Chinese meat destined for the food supply chain may contain the potentially lethal chemical melamine, a British expert has warned.

Melamine has been at the centre of a scandal in China over the past fortnight following the deaths of a number of babies who had drunk formula milk containing the chemical. However, some Chinese pigs have also been given contaminated feed, leading to fears that traces could still be present in finished meat, according to Chris Edwards, head of dairy training and development at Reaseheath College. Melamine can cause reproductive damage and bladder and kidney stones, and is particularly harmful to infants with undeveloped immune systems.

“What hasn’t been examined is if there are harmful agents in the meat supply,” he said. “I’m not convinced that enforcement is as strong as it could be.”

Last year, contaminated Chinese protein exports including dog and cat food had to be recalled, but this attracted less attention as “no-one cares about pets”, claimed Edwards.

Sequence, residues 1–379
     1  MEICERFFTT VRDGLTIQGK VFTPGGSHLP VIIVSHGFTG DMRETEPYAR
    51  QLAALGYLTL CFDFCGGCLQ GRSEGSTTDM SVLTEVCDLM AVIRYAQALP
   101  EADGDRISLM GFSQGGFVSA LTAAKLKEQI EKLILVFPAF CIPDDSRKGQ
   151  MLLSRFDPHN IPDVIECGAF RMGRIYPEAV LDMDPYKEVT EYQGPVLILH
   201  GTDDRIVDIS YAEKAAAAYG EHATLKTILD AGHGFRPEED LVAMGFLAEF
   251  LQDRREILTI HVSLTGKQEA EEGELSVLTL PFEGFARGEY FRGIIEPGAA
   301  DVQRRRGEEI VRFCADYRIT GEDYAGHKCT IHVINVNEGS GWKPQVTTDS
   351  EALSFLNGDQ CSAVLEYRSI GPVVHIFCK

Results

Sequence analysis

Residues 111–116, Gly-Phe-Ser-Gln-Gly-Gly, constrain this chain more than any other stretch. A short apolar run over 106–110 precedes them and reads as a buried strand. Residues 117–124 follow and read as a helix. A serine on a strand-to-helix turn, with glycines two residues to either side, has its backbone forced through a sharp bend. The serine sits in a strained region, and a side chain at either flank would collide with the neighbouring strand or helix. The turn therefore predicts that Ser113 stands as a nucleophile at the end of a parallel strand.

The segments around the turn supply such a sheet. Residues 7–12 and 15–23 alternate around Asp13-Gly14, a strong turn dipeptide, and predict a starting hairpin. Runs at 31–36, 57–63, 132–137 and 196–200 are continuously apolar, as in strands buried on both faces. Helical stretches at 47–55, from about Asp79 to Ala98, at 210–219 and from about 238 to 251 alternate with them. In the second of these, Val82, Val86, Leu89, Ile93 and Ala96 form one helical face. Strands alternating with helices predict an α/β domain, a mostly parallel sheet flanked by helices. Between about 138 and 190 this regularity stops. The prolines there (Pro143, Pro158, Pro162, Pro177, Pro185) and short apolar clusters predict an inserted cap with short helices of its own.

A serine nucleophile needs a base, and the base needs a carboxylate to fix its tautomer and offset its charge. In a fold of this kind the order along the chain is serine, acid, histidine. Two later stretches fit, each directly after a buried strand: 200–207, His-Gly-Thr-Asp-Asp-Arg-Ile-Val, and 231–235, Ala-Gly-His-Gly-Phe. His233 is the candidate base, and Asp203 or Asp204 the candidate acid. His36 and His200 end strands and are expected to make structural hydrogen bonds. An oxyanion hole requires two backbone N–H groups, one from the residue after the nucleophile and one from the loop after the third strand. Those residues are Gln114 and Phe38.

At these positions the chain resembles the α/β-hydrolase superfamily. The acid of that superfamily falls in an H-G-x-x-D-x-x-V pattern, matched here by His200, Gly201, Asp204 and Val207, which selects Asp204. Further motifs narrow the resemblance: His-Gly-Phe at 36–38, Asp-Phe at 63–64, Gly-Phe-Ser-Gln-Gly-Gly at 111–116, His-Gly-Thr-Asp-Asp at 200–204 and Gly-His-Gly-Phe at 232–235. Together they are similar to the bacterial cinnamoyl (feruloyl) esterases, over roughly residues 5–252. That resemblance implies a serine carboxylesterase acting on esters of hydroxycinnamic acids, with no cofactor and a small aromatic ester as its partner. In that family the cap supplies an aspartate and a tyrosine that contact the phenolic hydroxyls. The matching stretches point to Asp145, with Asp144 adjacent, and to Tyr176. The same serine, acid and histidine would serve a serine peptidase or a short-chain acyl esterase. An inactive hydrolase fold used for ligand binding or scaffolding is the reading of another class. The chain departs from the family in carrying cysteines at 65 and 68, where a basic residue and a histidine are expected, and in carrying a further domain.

The milk scandal has hit some of the world’s biggest dairy companies, with Nestlé and Friesland Foods both forced into making public statements stressing the safety of their products. The crisis reached the UK this week, with Tesco removing Chinese-made White Rabbit Candies due to their melamine content. Edwards played down fears that contaminated products could reach the UK.

“In advanced countries these incidents would have been picked up by food standards agencies. But in emerging countries such as China, some people are trying to cut corners.”

Too many manufacturers in developing countries were using melamine to illicitly boost product values, claimed Edwards.

“The use of melamine in milk production is driven by greed,” he said. “It is often used to bypass government protocols to disguise the fraudulent use of water, which is added to increase milk volume. It is also used to increase protein levels so producers can command a higher price per litre.”